Friday, October 03, 2014

Poetry Friday: Wendell Berry

One of our teachers shared this poem by Wendell Berry in our faculty meeting this morning.  It seems so appropriate, as I get huge mounds of student work in today and plan to spend the next few days working and working and working to get it all done.  As Berry says, "And yet no leaf or grain is filled/ By work of ours..."

by Wendell Berry

Whatever is foreseen in joy
Must be lived out from day to day.
Vision held open in the dark
By our ten thousand days of work.
Harvest will fill the barn; for that
The hand must ache, the face must sweat.

And yet no leaf or grain is filled
By work of ours; the field is tilled
And left to grace.

You can read the rest here.

And you can find the delicious Poetry Friday roundup here.


jama said...

Hadn't seen that poem before. Yes, we all can relate :).

Irene Latham said...

The field is tilled and left to grace. Oh, I needed that today! Thank you, Ruth. xo

jan godown annino said...

It's work to fill that barn, write this novel, craft this poem.

PF appreciations to Ruth, with a bit of honest sweat,
for sharing Wendell Berry "X" via GK & The Writer's Almanac.

ps What does anyone make of this striking poem's title?

Ruth said...

The X is 10. This is one of Berry's "Sabbath poems." For many years he would take a walk every Sunday and write a poem. This one is number ten in one of the collections.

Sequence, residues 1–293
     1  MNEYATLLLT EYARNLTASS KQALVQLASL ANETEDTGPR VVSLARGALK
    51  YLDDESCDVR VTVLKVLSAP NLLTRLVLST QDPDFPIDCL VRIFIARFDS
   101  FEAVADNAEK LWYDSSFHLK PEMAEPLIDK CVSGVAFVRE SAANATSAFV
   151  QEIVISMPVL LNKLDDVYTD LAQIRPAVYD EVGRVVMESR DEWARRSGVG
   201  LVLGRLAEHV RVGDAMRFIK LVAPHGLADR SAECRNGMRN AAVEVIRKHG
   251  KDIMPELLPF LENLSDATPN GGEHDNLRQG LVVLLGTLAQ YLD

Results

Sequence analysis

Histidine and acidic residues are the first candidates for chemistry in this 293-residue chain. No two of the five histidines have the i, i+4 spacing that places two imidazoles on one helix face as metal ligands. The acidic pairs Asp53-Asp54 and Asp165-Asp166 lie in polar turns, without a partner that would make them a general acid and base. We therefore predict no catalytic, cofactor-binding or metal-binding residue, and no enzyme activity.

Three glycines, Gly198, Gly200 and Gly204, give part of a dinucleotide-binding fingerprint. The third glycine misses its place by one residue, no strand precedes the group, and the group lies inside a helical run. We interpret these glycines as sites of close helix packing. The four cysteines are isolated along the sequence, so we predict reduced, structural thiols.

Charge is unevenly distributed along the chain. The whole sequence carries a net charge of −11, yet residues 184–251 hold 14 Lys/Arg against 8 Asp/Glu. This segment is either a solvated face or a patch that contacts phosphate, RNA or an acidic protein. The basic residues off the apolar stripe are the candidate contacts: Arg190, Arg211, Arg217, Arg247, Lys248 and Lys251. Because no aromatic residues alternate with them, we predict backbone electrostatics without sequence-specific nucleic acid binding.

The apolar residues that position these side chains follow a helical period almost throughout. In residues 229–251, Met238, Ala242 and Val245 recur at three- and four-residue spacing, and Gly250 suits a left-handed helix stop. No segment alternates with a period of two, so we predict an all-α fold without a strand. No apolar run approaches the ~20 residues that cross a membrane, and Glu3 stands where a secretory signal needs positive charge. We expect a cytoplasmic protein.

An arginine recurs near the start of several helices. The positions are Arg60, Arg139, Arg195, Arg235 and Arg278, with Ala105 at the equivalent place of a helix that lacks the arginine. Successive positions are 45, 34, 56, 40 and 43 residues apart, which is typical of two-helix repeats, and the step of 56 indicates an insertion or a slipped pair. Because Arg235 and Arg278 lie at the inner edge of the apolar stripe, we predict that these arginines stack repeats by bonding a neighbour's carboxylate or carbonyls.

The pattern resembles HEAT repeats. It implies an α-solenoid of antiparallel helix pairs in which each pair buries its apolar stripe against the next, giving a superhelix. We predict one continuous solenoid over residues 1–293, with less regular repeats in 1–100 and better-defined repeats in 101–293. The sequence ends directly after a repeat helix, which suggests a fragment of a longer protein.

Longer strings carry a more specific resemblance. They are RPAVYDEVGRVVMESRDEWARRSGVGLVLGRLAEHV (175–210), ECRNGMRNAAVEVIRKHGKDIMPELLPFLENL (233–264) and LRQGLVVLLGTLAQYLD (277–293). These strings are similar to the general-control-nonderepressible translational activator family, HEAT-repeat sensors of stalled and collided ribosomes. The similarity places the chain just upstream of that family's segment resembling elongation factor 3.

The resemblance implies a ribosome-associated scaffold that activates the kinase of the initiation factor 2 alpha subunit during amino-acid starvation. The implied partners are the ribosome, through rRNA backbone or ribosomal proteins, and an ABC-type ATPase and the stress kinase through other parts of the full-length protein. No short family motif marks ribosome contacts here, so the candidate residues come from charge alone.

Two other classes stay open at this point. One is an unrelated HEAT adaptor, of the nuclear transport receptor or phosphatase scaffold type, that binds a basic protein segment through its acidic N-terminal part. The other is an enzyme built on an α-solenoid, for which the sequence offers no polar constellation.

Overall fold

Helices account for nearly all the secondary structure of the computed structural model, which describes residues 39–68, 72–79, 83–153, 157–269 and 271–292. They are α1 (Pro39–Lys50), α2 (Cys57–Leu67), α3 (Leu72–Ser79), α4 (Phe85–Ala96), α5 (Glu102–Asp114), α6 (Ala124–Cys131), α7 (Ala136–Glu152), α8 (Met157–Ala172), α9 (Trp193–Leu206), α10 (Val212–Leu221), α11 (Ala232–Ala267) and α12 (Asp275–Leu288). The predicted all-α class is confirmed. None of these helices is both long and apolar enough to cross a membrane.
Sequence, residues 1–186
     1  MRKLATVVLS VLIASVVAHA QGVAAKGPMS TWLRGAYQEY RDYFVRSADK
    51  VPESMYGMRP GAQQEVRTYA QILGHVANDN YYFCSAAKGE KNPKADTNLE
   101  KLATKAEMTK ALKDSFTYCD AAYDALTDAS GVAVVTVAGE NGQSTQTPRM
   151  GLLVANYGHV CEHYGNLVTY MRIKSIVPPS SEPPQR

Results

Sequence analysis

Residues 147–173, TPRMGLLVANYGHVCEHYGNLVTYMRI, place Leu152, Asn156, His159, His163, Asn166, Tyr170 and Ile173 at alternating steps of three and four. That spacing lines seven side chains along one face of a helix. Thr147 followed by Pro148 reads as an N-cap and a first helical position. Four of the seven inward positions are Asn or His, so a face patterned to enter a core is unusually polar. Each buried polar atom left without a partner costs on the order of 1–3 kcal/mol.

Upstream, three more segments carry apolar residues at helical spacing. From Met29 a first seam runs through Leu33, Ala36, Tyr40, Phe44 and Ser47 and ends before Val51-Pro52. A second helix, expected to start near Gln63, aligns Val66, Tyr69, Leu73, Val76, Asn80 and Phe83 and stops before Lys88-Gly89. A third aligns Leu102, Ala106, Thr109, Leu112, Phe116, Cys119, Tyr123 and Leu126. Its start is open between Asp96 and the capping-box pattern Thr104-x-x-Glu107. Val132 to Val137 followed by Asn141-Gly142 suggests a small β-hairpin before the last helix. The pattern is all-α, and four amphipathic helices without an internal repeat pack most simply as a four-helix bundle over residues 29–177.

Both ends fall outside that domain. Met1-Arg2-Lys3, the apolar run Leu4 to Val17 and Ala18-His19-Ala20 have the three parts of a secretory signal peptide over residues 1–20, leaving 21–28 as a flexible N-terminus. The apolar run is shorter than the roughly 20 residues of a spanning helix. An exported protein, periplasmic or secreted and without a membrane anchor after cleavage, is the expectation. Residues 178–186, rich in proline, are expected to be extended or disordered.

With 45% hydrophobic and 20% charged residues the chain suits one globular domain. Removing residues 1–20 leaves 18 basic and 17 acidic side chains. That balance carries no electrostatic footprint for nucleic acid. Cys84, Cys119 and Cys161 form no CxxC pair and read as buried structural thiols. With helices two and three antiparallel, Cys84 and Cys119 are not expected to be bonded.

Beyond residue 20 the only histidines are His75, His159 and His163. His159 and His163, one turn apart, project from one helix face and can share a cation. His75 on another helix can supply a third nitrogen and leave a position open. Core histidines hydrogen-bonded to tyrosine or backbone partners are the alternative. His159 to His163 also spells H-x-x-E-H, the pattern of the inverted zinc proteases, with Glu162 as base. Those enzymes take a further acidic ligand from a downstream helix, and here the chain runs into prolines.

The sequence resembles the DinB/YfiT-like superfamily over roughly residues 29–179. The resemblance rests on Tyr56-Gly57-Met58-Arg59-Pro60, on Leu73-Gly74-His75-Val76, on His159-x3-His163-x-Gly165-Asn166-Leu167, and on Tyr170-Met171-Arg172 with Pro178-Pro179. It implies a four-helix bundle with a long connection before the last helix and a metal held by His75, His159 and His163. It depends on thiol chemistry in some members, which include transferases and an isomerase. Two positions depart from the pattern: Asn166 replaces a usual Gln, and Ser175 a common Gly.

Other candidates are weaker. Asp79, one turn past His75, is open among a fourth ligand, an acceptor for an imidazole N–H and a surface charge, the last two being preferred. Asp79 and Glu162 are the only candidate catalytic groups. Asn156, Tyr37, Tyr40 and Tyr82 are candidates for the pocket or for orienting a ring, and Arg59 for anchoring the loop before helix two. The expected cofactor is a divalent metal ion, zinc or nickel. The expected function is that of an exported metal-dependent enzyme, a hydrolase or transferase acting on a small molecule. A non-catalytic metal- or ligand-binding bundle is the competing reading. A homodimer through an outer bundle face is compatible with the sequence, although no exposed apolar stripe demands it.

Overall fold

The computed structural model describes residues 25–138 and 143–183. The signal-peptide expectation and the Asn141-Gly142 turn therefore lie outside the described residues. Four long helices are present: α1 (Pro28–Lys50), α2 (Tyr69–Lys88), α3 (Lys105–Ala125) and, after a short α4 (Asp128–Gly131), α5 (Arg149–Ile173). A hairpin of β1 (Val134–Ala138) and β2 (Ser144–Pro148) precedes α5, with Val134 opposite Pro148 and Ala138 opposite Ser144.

Linda B said...

I don't have so much assessment work anymore, Ruth, but I remember those nights, paper after paper, or journal after journal. You've connected this well to teachers-so much to do 'after' hours: "Harvest will fill the barn; for that
The hand must ache, the face must sweat." I always felt good satisfaction when the barn was filled, however. Thanks for sharing this.

Tara said...

Yes, it is to be that kind of weekend for thank you for this poem reminding one that rest, too, is essential.

Liz Steinglass said...

"The hand must ache, the face must sweat." Yes, there is no avoiding the hard work that must be done.

GatheringBooks said...

I love the idea of faculty meetings starting with poetry. That is how it should be. :)